Art is becoming a luxury good for the elite: but if it does so, it will die. R.J. MALONE takes the view that we need more ventures like the House of Fairy Tales, aimed at redressing the balance
Art is expensive these days. And that’s a problem if you’re young, or not one of the global hyper-wealthy, or both. Cue a tide of initiatives by philanthropists, collectors, and sometimes artists themselves, aimed at getting art to a wider audience.
But what about participating, rather than just appreciating? Few do it better than the London-based House of Fairy Tales, which has the active backing of blue-chip names like Gavin Turk, one of the enfants terribles of the Britart movement, Sir Peter Blake, and Jarvis Cocker, lead singer of 1990s cult arthouse band Pulp, among many others.
Based in a part of East London that was once ‘gritty’ and is now ‘edgy’, House of Fairy Tales, run by Turk and his wife Deborah Curtis, uses the money it raises by selling fabulous artworks to fund activities from circuses to workshops.
Turk tells LUX, “Working with the House of Fairy Tales gets me collaborating with ‘young unknowns’ from an array of different backgrounds in many diverse ways; I’m able to share my experiences and at the same time learn a lot about myself. I’ve travelled all over the country from Shakespeare’s Theatre in Stratford to Newlyn Art Gallery in Cornwall via numerous festivals including Glastonbury and Edinburgh. In the future, I’m looking forward to seeing the Art Circus in Canning Town and working on influencing various public housing and social developments.”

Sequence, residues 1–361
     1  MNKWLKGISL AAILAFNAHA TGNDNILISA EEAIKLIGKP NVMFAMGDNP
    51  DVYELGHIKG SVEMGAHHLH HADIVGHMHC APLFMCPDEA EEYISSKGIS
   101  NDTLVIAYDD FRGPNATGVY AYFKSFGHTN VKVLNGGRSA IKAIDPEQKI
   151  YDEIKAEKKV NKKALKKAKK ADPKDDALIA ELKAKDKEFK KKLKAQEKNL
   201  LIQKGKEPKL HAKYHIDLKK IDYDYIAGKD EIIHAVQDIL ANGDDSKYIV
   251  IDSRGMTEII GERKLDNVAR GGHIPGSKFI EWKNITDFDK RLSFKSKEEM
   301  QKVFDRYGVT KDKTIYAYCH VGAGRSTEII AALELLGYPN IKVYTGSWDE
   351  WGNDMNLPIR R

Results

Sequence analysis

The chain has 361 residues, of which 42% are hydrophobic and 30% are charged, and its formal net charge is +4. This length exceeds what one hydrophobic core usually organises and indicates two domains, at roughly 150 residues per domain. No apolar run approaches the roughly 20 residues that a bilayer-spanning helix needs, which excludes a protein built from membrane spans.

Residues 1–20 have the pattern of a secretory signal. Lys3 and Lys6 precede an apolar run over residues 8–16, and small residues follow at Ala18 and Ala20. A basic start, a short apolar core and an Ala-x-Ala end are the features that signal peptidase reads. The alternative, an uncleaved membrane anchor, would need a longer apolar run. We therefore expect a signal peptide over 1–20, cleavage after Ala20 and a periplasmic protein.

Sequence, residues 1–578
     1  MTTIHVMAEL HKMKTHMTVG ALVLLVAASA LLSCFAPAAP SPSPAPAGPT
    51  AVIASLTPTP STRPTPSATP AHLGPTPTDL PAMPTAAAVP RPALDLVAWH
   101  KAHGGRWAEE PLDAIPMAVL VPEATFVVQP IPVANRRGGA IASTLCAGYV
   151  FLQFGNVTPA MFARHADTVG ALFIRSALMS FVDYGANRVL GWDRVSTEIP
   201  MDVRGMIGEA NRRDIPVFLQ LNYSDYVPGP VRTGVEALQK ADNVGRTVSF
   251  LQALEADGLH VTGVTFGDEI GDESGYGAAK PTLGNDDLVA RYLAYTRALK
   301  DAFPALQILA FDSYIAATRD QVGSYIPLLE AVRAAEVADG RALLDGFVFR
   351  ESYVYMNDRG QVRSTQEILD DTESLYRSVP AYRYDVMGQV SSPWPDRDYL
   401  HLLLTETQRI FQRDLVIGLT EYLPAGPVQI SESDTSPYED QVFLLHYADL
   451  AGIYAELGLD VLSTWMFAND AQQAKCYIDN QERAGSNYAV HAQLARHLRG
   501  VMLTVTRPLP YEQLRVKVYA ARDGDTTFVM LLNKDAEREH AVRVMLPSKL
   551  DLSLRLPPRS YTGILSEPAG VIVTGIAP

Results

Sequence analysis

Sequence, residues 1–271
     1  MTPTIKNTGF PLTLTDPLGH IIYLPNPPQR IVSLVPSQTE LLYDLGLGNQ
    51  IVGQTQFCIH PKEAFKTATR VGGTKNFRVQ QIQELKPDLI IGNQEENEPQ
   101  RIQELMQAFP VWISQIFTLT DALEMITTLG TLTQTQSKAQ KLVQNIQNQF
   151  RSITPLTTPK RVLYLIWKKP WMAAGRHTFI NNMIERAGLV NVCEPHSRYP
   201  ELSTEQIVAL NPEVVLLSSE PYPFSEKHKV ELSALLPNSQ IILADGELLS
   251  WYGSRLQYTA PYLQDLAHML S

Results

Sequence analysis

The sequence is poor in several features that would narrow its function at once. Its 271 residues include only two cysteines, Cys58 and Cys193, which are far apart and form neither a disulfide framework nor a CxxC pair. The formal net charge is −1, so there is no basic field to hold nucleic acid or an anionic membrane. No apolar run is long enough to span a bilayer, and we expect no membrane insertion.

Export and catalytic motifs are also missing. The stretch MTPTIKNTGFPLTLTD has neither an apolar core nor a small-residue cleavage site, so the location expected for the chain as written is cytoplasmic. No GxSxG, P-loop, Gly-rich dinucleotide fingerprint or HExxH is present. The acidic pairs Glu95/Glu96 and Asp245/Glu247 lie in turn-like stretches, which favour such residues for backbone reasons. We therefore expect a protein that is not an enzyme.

Cornelia Parker, one of Europe’s leading sculptors and another key figure in House of Fairy Tales, tells us, “Since I have had my daughter, I realise how important it is to invest in the future of her generation’s creativity. Cultural capital, after all, is our biggest export.”
While Cocker, of ‘Let’s All Meet Up in the Year 2000’ fame, says simply, “The House Of Fairy Tales is the most magical place. I wish I had been able to go there when I was a lad.”
Perhaps the last word should go to Matthew Slotover, co-founder and director of the Frieze Art Fair, who has done more than anyone to raise the profile of contemporary art while simultaneously maintaining its credibility. Taking a break after the latest Frieze, Matthew tells us, “The House of Fairy Tales is an extraordinary project. It engages young people in the arts with a level of imagination that could only have come from artists. It is truly exceptional and I fully endorse their work.”